In this three-part series, Minnesota Monitor examines the state’s efforts to build a greener industrial base and create new jobs in the process. Monday: When it comes to recruiting “green-collar” jobs to Minnesota, critics say Gov. Tim Pawlenty has had a lower profile than some of his peers. Tuesday: Minnesota’s point-person on wind industry economic development describes how the state is trying to generate green manufacturing jobs. Wednesday: A blown opportunity causes legislators to call for a better — and better funded — strategy for luring green manufacturers to Minnesota.
Each summer, thousands of wind-energy power players gather for a three-day conference featuring speeches, workshops and exhibitions from the biggest names in the industry. For states like Minnesota that are eager to attract wind-energy jobs, it’s a chance to make pitches to the major turbine manufacturers, many of which are based in Europe but are expanding to meet growing demand in the United States.
A typical strategy involves setting up a trade show booth and dispersing economic development employees with stacks of glossy folders touting financial incentives and quality-of-life issues. A handful of states such as Iowa, however, are upping the ante and dispatching governors to personally schmooze company officials at the events.
“That’s pretty hard to compete with. It’s pretty clear who you’re going to meet with first, and who you’re going to remember,” said Rep. Aaron Peterson, DFL-Appleton, who would like to see Gov. Tim Pawlenty follow the lead of some of his peers and play a more personal role in recruiting wind and other green manufacturing jobs to the state.
The use of governors to recruit wind companies is an indicator of the huge potential some see in the future “green economy.” As more states approve laws favoring energy efficiency and renewable electricity, the transition is expected to create a surge of demand for technologies like wind turbines, solar panels and the components that go into them.
And that means jobs. Potentially lots of them.
The mayors of Minneapolis and St. Paul last week unveiled their strategy for attracting these “green-collar” jobs to the region. Some are questioning, though, whether the mayors’ effort will be limited in what it can accomplish without greater support from the state, and in particular from the governor’s office.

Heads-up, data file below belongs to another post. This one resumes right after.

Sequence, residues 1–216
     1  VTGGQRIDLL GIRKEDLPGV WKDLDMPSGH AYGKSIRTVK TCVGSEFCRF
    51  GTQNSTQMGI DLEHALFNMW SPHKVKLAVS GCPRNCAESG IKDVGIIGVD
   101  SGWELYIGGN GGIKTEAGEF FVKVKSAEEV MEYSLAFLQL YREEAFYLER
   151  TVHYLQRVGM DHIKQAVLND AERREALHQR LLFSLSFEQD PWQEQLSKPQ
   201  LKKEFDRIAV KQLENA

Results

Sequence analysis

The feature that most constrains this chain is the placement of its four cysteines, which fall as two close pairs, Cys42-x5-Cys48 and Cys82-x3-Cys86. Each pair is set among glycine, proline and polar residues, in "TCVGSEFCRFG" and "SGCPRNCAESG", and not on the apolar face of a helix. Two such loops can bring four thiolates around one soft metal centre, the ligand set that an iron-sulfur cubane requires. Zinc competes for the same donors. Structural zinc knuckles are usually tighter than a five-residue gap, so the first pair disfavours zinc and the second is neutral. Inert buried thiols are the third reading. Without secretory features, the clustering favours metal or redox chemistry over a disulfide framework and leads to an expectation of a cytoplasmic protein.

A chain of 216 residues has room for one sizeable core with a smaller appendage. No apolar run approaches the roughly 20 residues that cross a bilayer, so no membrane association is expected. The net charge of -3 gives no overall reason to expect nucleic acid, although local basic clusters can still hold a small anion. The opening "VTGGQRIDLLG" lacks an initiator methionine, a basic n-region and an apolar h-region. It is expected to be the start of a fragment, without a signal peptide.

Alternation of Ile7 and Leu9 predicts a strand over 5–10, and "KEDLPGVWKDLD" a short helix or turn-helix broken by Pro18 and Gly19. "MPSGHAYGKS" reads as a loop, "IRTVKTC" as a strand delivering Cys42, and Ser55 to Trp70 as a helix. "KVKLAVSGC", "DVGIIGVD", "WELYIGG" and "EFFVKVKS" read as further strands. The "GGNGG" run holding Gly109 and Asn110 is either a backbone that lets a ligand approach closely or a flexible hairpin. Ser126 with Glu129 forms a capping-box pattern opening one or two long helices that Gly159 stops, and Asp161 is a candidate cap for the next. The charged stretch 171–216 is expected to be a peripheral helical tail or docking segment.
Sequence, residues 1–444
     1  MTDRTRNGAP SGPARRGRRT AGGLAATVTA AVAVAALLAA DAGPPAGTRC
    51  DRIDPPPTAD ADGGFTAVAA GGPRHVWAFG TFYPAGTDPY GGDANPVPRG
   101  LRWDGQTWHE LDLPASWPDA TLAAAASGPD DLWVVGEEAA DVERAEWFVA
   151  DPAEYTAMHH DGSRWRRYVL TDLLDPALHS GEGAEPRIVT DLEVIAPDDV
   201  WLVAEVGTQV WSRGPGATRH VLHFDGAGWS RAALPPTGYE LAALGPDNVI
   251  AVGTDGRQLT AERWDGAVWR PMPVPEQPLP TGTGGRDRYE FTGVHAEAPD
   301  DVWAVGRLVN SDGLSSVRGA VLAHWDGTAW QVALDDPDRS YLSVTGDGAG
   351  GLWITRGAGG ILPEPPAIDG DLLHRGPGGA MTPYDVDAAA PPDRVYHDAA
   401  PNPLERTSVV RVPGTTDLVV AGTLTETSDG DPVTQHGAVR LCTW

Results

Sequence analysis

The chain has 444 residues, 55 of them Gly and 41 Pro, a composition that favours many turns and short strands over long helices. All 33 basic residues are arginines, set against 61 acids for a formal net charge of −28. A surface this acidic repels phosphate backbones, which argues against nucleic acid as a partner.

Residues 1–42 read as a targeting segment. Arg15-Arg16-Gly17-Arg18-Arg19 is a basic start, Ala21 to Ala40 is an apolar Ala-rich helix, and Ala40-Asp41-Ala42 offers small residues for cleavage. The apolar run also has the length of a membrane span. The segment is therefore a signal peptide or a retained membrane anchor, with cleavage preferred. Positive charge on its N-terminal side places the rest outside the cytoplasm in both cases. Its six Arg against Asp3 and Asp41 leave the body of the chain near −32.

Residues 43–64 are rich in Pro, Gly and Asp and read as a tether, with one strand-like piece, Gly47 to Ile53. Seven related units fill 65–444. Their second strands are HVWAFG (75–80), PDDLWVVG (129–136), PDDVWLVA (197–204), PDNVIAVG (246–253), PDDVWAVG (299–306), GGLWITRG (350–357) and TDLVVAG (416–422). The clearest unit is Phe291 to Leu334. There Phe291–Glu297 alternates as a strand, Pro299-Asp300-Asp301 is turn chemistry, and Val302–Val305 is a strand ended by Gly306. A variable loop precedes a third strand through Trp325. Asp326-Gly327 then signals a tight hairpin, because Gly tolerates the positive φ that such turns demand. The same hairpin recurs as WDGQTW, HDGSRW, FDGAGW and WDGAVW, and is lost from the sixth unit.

Pawlenty has supported some important renewable energy legislation and made the issue the focus of his time as chairman of the National Governors Association. He’s also, however, reportedly spent about one of every three days this year outside the state, much of it campaigning for John McCain. Some think he needs to spend more time stumping for Minnesota as a place for green jobs.
“What we’re looking for is the governor to get on board with green job creation. We haven’t heard that from him yet,” said Gerry Parzino, a representative of the United Steelworkers. Parzino’s organization will be canvassing fairs and other events across the state this summer seeking to build political support for a state-level green-jobs initiative. “We feel it has to go above [cities] and come down from the state.”
The governor’s communications office did not return a phone call for comment on this story.
Here’s are a few examples of what other governors are doing and how it’s paying off:
* Iowa Gov. Chet Culver manned the Iowa booth for an entire day at last year’s annual wind energy conference in Los Angeles. He also regularly leads delegations to Europe to meet with wind firms. Culver’s commitment follows in the footsteps of his predecessor, Tom Vilsack, and has helped lure five wind turbine manufacturers to set up facilities in the state, bringing 1,500 jobs and $185 million worth of investment.
* Montana Gov. Brian Schweitzer was a keynote speaker at last year’s wind energy conference and has met personally with wind turbine manufacturers. Last month, German turbine manufacture Fuhrlander announced plans to build a $25 million plant in Butte that will employ 150 people and up to an additional 600 in the future.
* Pennsylvania Gov. Ed Rendell’s state hosted a green jobs conference earlier this year. After meetings with Spanish wind firm Gamesa, the company decided to spend $84million building its U.S. headquarters in the state.
Rep. Peterson said he thinks it’s critical for Pawlenty to be more involved if Minnesota is going to be successful in attracting similar investment.
“If the governor’s not involved, Rybak and Coleman can do all this stuff. That’s great. The unions can talk about it, and everybody can get fired up about it and have a series of meetings that never end,” Peterson said, but “you need the governor to, for lack of a better way of putting it, to wine and dine these people. They’ve got lots of options of states that want them come to their state. You need to recruit them at the highest, highest level.”